OK, I know I said I was shutting up, but I couldn't stop myself. The whole idea of the US invading Canada is pretty silly. It certainly wouldn't be over electricity. It would be more like "we can't let those crazy French-men mess with NAFTA, Mr. President."

I hope Captain Morgan doesn't take my comments the wrong way--99% of my ridicule is aimed at Quebec sovereigntists, not him. If he's bleeding, it was stray shrapnel.

Rei is right, most people I know would be happy to get rid of Quebec. Quebec is like that teenage brat who's always making trouble, eating more than his share of the groceries, and bullying his younger siblings. Quebec insists on special treatment--they even have language laws that contravene freedom of speech--but in reality, they hardly contribute enough to our economy to justify their existence.

So what's a motherland to do? Kick them out and hope it teaches them a little about the real world? When you consider the kind of behavior they've displayed (revenge of the cradle, the FLQ and all that) I don't think its unreasonable to leave their shit out on the curb and change the locks.

Word verification: fugbm. Haha.

Bernita said...

WHY, since Canada is the location, do you have to haul out that ridiculous "eh" business?

Anonymous said...

Hey, I'm Canadian, and I see it comin' from a kilometre away. Stage seven: ACCEPT!

Anonymous said...

Oh, and I think EE has been watching way too much Bob & Doug MacKenzie. Howzit goin', eh?

Anonymous said...

Hey, chumplet, I never thought I'd meet another proud hoser here. You actually lived in Quebec? All I can say is "Ack!"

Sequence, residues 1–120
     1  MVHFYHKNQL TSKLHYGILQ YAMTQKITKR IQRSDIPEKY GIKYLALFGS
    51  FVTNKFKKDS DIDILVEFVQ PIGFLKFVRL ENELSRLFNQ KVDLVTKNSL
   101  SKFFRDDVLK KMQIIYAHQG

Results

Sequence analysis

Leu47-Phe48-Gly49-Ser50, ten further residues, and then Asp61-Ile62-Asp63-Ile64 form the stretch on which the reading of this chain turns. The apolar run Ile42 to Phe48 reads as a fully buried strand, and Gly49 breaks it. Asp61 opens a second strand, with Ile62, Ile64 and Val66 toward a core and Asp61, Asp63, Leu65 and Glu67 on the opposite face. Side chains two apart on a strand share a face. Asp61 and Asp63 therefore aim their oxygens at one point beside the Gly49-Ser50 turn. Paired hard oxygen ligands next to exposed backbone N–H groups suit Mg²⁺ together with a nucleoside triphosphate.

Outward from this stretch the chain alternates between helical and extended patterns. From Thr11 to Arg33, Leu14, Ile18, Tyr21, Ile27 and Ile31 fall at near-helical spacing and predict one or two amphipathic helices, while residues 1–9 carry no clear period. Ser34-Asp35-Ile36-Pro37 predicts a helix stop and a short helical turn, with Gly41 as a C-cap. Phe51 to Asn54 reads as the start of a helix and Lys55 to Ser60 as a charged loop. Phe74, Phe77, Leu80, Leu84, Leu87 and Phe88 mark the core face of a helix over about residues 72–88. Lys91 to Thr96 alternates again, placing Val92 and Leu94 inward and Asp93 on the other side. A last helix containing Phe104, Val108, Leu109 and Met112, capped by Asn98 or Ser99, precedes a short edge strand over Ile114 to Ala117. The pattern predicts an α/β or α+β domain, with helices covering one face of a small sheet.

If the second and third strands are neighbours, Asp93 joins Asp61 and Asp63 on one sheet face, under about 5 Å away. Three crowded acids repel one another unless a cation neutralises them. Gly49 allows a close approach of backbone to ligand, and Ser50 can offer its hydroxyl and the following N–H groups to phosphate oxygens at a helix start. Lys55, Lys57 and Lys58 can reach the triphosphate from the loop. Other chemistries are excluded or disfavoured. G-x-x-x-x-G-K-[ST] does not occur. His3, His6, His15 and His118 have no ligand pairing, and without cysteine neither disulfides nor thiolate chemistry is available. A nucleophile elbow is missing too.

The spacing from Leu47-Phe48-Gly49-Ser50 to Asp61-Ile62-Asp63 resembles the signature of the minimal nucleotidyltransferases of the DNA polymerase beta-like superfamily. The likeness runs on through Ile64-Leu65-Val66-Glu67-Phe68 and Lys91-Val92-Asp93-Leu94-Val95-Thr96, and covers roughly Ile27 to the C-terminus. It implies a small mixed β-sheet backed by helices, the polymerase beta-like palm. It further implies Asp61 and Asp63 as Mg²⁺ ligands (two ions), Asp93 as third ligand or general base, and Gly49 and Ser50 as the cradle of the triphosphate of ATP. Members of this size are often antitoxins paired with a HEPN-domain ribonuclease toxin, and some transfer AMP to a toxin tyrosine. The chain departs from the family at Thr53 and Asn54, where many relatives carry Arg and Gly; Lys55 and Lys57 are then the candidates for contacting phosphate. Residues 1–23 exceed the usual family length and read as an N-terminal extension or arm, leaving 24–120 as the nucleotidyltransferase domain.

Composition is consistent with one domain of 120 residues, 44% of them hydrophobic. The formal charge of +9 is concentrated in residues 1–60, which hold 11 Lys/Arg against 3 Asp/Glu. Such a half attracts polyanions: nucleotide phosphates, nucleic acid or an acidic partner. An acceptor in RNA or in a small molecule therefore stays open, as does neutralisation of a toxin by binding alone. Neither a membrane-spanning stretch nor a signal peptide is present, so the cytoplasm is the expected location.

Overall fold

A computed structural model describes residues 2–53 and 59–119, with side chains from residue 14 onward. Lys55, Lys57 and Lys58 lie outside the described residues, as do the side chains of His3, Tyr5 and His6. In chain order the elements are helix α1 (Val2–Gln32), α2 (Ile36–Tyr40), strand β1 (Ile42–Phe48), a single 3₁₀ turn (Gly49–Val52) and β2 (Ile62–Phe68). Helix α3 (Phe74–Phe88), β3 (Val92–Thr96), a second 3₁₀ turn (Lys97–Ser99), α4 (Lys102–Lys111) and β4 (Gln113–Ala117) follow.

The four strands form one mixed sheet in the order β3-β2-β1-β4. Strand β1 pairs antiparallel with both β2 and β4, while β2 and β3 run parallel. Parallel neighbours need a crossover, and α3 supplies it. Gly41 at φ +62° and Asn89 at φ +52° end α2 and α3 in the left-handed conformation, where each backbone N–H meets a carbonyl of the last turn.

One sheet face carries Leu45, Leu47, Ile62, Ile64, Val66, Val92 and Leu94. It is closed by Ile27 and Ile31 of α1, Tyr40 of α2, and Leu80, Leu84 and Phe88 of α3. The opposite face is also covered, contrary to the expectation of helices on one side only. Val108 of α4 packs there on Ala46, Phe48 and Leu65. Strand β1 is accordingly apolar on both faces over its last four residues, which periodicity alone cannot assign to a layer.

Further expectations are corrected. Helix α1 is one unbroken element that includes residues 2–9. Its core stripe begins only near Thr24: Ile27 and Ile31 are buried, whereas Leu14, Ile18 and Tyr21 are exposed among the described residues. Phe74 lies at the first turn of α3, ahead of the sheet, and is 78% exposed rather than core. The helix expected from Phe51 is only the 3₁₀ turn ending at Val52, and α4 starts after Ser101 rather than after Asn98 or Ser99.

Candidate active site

And I hope you don't think I hate Quebec. I just hate so many of the whiny, bigoted, self-entitled people who stir up shit there. I've been living in "have" provinces all my life, and it burns my ass that I have to pay extra taxes so other people's kids in Que. can get free dental--and yes, all you Yanks, I did say FREE--and their government can persecute people for putting English signs in their shop windows.

THERE. I swear to god, I really AM done now.

Anonymous said...

Er... I'd like to apologise to all Quebecois everywhere for the behaviour of all obnoxious anglos everywhere. Really; we're not all like that, and we don't all feel that way.

Sheesh, KIS, that was just embarrassing. I like my country in one piece, thanks.

Anonymous said...

Embarrassing pehaps, but an opinion shared by many. I would love to keep Quebec in confederation, but as an equal partner, not the position they've enjoyed for so long. Politicians there and in the federal government have been doing such a good job of alienating everyone, it's difficult to see a way through. Memories are long in Canada, just like anywhere else. Alberta's felt slighted by central Canada almost since they joined confederation, but you never saw them making bomb threats or commiting kidnapping and murder.

To be honest, I do think it's certain politicians who just won't let the issue die--Chretien's liberals were especially bad for this, bringing up the subject to stir up resentment and patriotic angst when no one had been thinking about it for months or years. If people were just left to their own devices, we'd all probably be able to coexist.

Yes, Quebec as a political entity is often guilty of acting spoiled. And yes, the west as a political entity, is often guilty of automatically thinking the worst of them. Those attitudes have become as firmly entrenched in our regional identities as oil and pea soup.

But as I've told people before, most of the stuff that comes out of my mouth--or my keyboard--is said with tongue planted solidly in cheek. I guess my shit-eating grin doesn't come across as well in the blogoshpere as it does in person.

Anonymous said...